Three Systems- Water Storage, Electricity, Water heating
Diversity in Water Storage
– Concrete (most expensive, long term, best quality)
– Steel (short term, reasonable price)
– Poly plastic (mid term, cheap, leaves residue)
– Dam (huge volume, cheapest, vulnerable to contamination)
Diversity in Electricity
– Wind power
Diversity in Water Heating
– Slow combustion wetback
– Methane Gas boost
“The more the merrier; variety is the spice of life!”
Summary of Principle, and Explanation of Visual Integration.
In general, designing for and incorporating diversity adds wealth to a system. When many
elements aid the same function dependence on any one is reduced and resilience is integrated.
System 1: Water
Water enters the storage system from both rainfall and a small creek.
Rainfall is intermittent coming as a large quantity pulse and
then nothing until the next pulse. There is a short step between the source and system in rainfall collection.
Rainwater is very clean and after being filtered is the most suitable for
drinking. A tank added to the system to collect the water run off from the
roof can regulate the flow to the pattern of consumption as well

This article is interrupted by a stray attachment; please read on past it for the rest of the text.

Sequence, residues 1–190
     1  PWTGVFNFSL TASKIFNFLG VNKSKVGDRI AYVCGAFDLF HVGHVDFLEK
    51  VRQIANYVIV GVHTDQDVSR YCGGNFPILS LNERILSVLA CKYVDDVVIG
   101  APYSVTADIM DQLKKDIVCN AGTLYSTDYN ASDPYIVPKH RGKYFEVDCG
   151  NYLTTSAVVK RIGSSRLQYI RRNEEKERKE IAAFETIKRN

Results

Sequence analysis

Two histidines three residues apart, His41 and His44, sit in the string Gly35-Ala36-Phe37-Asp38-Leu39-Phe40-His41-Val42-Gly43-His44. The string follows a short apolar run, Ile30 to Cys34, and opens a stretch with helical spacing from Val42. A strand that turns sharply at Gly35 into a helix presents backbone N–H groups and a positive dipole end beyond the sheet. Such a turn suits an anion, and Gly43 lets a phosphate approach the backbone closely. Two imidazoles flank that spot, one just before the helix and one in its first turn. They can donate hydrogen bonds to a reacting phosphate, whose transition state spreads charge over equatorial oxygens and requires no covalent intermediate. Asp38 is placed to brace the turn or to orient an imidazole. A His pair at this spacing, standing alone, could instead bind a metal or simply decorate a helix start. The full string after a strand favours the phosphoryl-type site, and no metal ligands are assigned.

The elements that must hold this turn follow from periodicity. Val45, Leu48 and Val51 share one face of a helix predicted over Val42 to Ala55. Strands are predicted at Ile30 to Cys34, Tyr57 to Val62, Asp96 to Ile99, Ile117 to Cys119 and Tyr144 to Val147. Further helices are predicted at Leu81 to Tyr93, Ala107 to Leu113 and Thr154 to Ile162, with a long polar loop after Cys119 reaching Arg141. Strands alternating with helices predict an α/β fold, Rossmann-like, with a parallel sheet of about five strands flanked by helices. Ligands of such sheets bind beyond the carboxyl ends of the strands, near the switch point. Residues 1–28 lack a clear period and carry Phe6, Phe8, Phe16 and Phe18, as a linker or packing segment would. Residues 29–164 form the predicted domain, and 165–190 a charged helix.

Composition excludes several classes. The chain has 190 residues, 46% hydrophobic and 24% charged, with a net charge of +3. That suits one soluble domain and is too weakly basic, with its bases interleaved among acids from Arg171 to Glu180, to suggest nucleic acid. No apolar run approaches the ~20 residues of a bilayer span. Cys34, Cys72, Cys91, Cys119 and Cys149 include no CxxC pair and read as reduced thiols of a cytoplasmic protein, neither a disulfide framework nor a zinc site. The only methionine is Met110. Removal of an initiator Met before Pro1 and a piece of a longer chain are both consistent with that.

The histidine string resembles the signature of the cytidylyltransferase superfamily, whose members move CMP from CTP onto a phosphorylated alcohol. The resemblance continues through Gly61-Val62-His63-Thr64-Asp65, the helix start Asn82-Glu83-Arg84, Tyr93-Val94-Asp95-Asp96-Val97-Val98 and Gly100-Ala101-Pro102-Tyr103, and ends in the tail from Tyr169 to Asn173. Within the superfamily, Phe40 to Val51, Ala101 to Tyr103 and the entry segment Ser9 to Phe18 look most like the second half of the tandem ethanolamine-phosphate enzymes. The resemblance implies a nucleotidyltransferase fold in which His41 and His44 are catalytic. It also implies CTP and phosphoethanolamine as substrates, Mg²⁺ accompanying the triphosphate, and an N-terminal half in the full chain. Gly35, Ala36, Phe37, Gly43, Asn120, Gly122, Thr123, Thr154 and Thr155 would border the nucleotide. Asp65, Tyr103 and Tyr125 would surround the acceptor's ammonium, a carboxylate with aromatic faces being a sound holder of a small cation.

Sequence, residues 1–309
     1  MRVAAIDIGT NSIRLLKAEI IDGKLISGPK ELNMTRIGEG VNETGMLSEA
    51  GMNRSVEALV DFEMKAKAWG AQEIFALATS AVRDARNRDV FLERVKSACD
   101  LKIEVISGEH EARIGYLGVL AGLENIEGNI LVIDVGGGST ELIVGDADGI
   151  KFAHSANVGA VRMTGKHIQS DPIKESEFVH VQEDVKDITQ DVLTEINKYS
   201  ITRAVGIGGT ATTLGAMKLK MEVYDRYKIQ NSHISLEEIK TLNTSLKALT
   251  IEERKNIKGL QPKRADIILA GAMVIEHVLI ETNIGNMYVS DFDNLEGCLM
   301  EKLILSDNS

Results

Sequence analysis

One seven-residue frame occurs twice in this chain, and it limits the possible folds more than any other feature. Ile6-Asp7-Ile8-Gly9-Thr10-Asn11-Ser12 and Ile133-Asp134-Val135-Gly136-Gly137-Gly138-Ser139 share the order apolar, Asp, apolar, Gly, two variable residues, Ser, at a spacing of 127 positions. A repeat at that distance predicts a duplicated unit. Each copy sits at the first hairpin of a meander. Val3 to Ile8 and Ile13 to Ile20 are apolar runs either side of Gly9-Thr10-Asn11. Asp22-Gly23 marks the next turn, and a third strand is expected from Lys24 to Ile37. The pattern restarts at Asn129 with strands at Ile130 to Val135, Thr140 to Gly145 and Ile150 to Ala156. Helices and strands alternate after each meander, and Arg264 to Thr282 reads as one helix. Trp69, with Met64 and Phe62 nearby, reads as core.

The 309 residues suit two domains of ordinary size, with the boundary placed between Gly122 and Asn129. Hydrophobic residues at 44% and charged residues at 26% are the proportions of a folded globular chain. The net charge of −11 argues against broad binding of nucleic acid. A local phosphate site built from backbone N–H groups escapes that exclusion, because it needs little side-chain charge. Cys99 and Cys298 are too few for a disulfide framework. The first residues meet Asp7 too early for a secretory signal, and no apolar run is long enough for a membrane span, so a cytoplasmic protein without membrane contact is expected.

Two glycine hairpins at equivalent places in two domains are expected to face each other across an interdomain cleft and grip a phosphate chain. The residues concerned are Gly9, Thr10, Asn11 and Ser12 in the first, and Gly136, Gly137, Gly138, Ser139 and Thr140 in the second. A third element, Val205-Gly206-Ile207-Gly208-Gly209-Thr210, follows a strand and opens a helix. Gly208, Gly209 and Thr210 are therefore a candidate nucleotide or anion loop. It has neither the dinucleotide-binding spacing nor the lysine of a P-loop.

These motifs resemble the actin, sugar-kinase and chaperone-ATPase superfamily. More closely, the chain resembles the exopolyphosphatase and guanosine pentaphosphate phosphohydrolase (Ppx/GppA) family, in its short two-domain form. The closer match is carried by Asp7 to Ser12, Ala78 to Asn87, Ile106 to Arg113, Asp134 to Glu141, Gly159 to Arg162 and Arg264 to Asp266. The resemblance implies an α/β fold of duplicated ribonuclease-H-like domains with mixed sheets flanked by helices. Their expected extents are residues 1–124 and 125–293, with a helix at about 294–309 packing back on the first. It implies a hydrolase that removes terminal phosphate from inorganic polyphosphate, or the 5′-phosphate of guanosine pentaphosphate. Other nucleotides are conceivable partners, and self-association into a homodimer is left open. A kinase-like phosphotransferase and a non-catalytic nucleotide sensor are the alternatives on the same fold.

as allow any sediment to settle. There are several other filtration options to increase purity.
The creek flow is more consistent but slow. The creek is a shared resource running through many unknown systems. This affects the water quality arriving into this managed area. Creek water is most suitable for irrigation of gardens and cleaning.
These uses both require a much larger quantity of water and are more tolerant of quality. The
gardens can even benefit from the additional nutrients found in creek
water that are absent from the rain.
Larger water storage systems such as a dam can further regulate the flow and therefore lessen the negative impact on the system in the event of a flood or drought.
Through the use of natural ecological systems the water flowing out of the managed area is of a higher quality than that which flows in.
Systems 2 & 3: Electrical Energy and Hot Water
Electrical energy can enter the system either by the sun powered
photovoltaic cells, a small water powered hydro generator turbine or
a wind powered generator.
When the sun is shining, the photovoltaic cells generate most of the power and water is heated by a solar hotwater panel.
In nature, energy can also be stored from the sun for long term usage in trees.
When these are sustainably harvested or coppiced they provide
efficient fuel for heating and wetback system
also heats water in a tank.
When sufficient, a further alternative is a hotwater booster heater using natural methane gas (energy which has been generated by the fermentation of pig outputs.).
Nature is varied, abundant and diverse. This is a wonderfully successful approach. There are always many solutions to a problem, following this pattern and using natural diversity encourages variety and abundance in the system.